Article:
ANN ARBOR, Mich. -- They are common suggestions to remedy stress: You just need a breath of fresh air. Walk it off. Get out and see people.
Turns out all those things combined may in fact make you feel better - a lot better - a new large scale study suggests.
Group nature walks are linked with significantly lower depression, less perceived stress and enhanced mental health and well-being, according to the study conducted by the University of Michigan, with partners from De Montfort University, James Hutton Institute, and Edge Hill University in the United Kingdom. The findings appear in a special issue of Ecopsychology devoted to 'Ecopsychology and Public Health'.
People who had recently experienced stressful life events like a serious illness, death of a loved one, marital separation or unemployment especially appeared to see a mood boost after outdoor group walks.
"We hear people say they feel better after a walk or going outside but there haven't been many studies of this large size to support the conclusion that these behaviors actually improve your mental health and well-being," says senior author Sara Warber, M.D., associate professor of family medicine at the U-M Medical School and member of the Institute for Healthcare Policy and Innovation.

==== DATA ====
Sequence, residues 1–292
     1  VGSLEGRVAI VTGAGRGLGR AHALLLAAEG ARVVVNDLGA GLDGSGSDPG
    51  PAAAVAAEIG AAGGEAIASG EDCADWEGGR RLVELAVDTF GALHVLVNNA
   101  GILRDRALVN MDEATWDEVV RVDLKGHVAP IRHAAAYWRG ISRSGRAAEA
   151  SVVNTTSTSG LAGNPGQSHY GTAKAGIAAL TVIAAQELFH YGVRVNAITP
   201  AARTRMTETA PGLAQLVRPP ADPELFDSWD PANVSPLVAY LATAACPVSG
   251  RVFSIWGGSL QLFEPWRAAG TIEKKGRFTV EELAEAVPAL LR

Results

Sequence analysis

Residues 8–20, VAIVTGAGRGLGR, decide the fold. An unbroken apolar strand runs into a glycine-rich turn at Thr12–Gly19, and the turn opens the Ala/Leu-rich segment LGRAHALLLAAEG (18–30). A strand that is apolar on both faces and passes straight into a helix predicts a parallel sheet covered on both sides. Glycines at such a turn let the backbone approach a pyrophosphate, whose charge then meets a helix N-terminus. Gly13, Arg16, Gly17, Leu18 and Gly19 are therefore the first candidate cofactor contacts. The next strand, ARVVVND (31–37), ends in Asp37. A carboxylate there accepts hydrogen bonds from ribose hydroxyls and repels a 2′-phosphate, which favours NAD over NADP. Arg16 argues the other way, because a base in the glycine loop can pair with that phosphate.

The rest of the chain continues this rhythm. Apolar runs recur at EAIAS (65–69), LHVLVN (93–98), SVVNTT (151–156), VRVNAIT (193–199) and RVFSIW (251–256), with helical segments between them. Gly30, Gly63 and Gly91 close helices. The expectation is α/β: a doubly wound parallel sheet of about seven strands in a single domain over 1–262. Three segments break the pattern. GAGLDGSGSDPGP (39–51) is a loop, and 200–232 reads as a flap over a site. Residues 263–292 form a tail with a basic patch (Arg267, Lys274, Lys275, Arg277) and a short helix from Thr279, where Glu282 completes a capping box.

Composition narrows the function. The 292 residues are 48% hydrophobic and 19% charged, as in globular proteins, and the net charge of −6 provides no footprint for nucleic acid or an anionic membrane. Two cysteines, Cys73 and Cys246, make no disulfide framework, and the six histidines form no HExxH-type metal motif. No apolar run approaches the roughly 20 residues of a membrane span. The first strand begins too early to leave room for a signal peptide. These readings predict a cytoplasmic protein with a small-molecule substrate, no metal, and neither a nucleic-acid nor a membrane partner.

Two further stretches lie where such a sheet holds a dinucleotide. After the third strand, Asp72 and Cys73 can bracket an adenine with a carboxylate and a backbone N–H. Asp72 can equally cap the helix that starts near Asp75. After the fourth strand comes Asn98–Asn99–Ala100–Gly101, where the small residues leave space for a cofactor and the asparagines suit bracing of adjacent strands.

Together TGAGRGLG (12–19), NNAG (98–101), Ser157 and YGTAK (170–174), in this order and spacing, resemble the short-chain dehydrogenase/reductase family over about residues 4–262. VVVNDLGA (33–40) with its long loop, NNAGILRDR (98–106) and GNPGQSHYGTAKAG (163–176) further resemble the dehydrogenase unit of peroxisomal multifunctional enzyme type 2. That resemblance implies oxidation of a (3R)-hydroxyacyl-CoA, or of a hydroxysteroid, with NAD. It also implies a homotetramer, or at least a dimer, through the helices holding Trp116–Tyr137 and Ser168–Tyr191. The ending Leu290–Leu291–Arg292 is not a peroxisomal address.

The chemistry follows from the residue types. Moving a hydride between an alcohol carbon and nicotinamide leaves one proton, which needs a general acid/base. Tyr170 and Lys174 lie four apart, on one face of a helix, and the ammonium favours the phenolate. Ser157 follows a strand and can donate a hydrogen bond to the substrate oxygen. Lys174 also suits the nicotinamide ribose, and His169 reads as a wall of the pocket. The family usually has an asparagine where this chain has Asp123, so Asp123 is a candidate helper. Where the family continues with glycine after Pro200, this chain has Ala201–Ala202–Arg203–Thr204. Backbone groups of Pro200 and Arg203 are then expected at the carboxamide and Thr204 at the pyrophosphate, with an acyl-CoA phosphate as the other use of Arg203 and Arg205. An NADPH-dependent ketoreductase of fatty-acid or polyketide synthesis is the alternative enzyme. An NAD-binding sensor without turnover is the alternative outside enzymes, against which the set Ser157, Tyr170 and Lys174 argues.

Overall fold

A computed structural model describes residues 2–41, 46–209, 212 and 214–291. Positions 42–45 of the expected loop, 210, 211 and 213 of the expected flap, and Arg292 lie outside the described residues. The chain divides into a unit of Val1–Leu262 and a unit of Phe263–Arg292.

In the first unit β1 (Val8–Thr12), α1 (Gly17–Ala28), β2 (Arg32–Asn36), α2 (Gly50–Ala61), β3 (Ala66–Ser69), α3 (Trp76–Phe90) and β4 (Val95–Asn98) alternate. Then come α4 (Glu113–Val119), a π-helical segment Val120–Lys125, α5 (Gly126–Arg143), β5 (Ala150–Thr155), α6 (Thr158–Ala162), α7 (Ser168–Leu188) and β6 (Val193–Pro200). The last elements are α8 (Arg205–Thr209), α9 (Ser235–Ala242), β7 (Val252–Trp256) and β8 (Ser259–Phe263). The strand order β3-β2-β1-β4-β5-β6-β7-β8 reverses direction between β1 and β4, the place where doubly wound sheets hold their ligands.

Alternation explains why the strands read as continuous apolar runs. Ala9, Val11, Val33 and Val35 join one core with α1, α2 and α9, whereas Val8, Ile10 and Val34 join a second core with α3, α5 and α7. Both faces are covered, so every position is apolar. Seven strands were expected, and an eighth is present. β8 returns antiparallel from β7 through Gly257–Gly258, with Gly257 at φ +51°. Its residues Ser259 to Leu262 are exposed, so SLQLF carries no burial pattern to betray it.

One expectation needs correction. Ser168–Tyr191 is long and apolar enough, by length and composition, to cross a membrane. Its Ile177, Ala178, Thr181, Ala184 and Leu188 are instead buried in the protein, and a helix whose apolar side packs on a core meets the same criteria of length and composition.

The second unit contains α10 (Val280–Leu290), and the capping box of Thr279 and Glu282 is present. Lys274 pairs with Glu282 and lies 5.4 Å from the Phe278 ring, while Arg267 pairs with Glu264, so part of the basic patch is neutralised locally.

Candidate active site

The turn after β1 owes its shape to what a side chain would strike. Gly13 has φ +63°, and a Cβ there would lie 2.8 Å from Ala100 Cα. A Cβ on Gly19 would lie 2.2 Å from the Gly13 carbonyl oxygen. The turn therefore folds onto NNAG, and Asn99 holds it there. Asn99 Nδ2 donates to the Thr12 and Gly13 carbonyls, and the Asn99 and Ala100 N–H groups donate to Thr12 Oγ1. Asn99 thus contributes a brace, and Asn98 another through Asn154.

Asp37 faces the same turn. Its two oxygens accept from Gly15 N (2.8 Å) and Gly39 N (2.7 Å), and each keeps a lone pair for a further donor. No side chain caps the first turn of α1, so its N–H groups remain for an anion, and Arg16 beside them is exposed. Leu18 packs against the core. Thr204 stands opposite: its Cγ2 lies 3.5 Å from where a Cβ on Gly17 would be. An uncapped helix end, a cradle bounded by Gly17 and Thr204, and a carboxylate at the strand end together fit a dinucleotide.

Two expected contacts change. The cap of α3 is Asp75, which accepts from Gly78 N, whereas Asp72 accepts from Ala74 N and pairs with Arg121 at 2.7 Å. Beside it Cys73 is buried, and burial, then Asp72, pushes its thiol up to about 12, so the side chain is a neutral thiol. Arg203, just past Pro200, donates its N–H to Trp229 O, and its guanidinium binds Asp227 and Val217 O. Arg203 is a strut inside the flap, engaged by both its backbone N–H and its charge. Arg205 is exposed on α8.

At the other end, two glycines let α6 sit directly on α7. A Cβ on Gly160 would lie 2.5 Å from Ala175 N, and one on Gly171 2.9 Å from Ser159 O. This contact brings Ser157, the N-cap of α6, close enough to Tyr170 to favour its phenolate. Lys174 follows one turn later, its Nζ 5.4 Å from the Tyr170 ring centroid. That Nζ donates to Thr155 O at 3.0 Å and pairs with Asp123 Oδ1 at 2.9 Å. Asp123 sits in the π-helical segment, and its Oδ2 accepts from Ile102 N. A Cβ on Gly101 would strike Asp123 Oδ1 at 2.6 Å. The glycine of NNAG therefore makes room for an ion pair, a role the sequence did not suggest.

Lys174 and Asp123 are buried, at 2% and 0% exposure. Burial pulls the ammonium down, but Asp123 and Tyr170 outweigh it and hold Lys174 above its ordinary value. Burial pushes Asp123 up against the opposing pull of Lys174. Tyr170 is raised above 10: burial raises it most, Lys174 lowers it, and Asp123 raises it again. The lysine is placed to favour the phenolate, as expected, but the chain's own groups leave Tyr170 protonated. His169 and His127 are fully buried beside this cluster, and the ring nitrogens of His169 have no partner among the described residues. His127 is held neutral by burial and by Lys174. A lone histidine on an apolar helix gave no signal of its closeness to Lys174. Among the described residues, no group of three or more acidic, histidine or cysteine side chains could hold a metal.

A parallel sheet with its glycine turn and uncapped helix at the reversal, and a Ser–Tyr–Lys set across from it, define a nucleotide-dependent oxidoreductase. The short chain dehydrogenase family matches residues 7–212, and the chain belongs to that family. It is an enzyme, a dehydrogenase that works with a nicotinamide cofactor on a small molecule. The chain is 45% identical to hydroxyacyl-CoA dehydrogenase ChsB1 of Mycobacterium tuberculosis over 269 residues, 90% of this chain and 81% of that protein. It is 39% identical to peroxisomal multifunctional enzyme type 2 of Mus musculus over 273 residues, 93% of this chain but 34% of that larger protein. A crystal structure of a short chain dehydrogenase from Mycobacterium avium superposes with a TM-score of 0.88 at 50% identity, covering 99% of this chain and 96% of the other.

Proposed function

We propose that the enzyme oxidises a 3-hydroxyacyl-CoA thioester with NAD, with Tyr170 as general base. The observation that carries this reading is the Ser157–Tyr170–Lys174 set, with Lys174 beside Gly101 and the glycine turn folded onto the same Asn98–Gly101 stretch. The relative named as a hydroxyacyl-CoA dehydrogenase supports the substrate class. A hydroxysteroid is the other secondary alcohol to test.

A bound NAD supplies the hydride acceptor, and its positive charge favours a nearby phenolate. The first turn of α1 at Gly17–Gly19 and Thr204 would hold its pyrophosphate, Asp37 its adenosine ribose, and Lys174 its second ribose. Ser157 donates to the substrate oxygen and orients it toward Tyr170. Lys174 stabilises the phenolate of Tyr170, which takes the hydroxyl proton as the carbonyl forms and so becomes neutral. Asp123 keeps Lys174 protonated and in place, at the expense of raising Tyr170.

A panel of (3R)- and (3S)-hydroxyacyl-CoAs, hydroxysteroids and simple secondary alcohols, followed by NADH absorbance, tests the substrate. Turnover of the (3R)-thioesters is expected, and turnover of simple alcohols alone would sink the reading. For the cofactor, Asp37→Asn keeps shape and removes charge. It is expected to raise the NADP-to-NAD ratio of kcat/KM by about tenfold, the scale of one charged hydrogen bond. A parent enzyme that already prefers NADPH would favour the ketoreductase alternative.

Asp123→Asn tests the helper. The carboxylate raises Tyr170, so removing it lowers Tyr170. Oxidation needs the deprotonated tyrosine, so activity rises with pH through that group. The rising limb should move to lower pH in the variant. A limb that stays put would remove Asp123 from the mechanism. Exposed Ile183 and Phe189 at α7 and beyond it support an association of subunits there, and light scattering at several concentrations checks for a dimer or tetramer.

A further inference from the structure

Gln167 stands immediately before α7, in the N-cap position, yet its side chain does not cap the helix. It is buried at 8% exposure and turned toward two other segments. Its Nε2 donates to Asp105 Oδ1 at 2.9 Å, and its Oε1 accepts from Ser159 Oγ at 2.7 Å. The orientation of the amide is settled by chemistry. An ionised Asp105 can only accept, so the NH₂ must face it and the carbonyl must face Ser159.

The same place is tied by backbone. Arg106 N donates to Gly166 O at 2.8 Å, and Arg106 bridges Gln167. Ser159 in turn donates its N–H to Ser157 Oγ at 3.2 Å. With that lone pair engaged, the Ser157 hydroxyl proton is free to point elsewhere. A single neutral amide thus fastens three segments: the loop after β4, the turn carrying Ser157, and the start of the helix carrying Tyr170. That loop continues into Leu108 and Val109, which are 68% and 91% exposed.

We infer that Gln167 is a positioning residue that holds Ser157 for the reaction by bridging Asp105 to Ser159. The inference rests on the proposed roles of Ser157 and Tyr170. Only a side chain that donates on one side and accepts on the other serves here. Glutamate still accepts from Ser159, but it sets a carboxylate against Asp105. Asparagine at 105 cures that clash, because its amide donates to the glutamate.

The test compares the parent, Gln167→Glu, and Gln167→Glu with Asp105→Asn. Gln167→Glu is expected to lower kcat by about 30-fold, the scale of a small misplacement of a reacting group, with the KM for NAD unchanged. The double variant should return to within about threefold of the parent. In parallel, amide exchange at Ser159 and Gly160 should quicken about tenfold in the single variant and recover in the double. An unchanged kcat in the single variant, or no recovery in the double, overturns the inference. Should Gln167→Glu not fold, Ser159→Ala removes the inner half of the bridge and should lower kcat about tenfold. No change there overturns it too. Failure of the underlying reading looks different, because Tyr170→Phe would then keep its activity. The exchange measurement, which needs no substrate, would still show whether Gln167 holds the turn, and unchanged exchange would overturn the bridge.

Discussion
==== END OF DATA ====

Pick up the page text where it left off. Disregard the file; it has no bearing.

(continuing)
"Walking is an inexpensive, low risk and accessible form of exercise and it turns out that combined with nature and group settings, it may be a very powerful, under-utilized stress buster. Our findings suggest that something as simple as joining an outdoor walking group may not only improve someone's daily positive emotions but may also contribute a non-pharmacological approach to serious conditions like depression."
Researchers evaluated 1,991 participants from the Walking for Health program in England, which helps facilitate nearly 3,000 weekly walks and draws more than 70,000 regular walkers a year.
"Given the increase in mental ill health and physical inactivity in the developed world, we are constantly exploring new, accessible ways to help people improve their long term quality of life and well-being," Warber says.
"Group walks in local natural environments may make a potentially important contribution to public health and be beneficial in helping people cope with stress and experience improved emotions."
The lead author of the study was Melissa R. Marselle, Ph.D., M.Sc., of the Department of Psychology at Edge Hill University in Ormskirk, UK and the Institute of Energy and Sustainable Development at De Montfort University in Leicester, UK.
Warber's long-time collaborator, Katherine Irvine, Ph.D., a graduate of the U-M School of Natural Resources and Environment and Senior Researcher of the Social, Economic and Geographical Sciences Research Group at the James Hutton Institute in Aberdeen, UK, also contributed significantly to this study.
Funding: Marselle was supported by a De Montfort University Ph.D. Studentship. Irvine was supported by the Scottish Government's Rural and Environment Science and Analytical Services Division (RESAS). Warber was supported by a Fulbright Scholarship from the US-UK Fulbright Commission.
Reference: "Examining group walks in nature and multiple aspects of well-being: A large scale study," Ecopsychology, DOI: 10.1089/eco.2014.0027.